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J Dairy Sci. 2019 Feb;102(2):1780-1787. doi: 10.3168/jds.2018-14534. Epub 2018 Dec 26.

Reducing enteric methane emissions from dairy cattle: Two ways to supplement 3-nitrooxypropanol.

Author information

1
Animal Sciences Unit, Flanders Research Institute for Agriculture, Fisheries and Food, Scheldeweg 68, 9090 Melle, Belgium; Department of Animal Sciences and Aquatic Ecology, Laboratory for Animal Nutrition and Animal Product Quality, Ghent University, Coupure Links 653 Block F, 9000 Ghent, Belgium.
2
Animal Sciences Unit, Flanders Research Institute for Agriculture, Fisheries and Food, Scheldeweg 68, 9090 Melle, Belgium.
3
DNP Innovation Animal Nutrition & Health, DSM Nutritional Products, PO Box 2676, 4002 Basel, Switzerland.
4
Department of Animal Sciences and Aquatic Ecology, Laboratory for Animal Nutrition and Animal Product Quality, Ghent University, Coupure Links 653 Block F, 9000 Ghent, Belgium.
5
Animal Sciences Unit, Flanders Research Institute for Agriculture, Fisheries and Food, Scheldeweg 68, 9090 Melle, Belgium. Electronic address: nico.peiren@ilvo.vlaanderen.be.

Abstract

The aim of this work was to determine the effect of 3-nitrooxypropanol (3-NOP) on the enteric methane (CH4) emissions and performance of lactating dairy cows when mixed in with roughage or incorporated into a concentrate pellet. After 2 pretreatment weeks without 3-NOP supplementation, 30 Holstein Friesian cows were divided into 3 homogeneous treatment groups: no additive, 3-NOP mixed in with the basal diet (roughage; NOPbas), and 3-NOP incorporated into a concentrate pellet (NOPconc). The pretreatment period was followed by a 10-wk treatment period in which the NOPbas and NOPconc cows were fed 1.6 g of 3-NOP/cow per day. After the treatment period, a 2-wk washout period followed without 3-NOP supplementation. The CH4 emissions were measured using a GreenFeed unit (C-Lock Inc., Rapid City, SD) installed in a freestall with cubicles during the entire experimental period. On average for the total treatment period and compared with the no-additive group, CH4 production (g/d) was 28 and 23% lower for NOPbas and NOPconc, respectively. Methane yield (g/kg of dry matter intake) and methane intensity (g/kg of milk) were 23 and 24% lower for NOPbas, respectively, and 21 and 22% lower for NOPconc, respectively. No differences were found between NOPbas and NOPconc. Moreover, supplying 3-NOP did not affect total dry matter intake, milk production, or milk composition. The results of this experiment show that 3-NOP can reduce enteric CH4 emissions of dairy cattle when incorporated into a concentrate pellet and that this reduction is not different from the effect of mixing in 3-NOP with the basal diet (roughage). This broadens the possibilities for using 3-NOP in the dairy sector worldwide, as it is not always feasible to provide an additive mixed in with the basal diet.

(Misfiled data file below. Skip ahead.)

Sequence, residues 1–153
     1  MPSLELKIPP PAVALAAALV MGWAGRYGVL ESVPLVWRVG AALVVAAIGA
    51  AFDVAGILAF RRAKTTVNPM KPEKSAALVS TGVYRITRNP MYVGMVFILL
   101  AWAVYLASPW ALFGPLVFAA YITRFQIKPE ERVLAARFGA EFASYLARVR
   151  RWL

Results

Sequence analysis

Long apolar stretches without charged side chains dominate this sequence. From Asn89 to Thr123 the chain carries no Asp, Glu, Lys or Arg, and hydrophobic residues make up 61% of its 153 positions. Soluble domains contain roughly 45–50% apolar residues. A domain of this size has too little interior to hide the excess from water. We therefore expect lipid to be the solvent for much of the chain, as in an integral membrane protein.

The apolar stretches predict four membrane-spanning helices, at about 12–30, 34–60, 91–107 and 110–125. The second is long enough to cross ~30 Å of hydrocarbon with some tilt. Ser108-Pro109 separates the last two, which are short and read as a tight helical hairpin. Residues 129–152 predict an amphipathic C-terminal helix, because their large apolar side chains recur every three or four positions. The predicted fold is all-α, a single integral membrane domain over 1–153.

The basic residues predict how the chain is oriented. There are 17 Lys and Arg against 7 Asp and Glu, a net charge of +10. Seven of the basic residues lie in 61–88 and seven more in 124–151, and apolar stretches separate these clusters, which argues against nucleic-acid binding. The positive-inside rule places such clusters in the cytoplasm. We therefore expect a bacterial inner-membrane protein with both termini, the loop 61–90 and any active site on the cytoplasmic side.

KEYWORDS:

3-nitrooxypropanol; dairy cow; greenhouse gas emission reduction; methane

PMID:
30594370
DOI:
10.3168/jds.2018-14534
[Indexed for MEDLINE]
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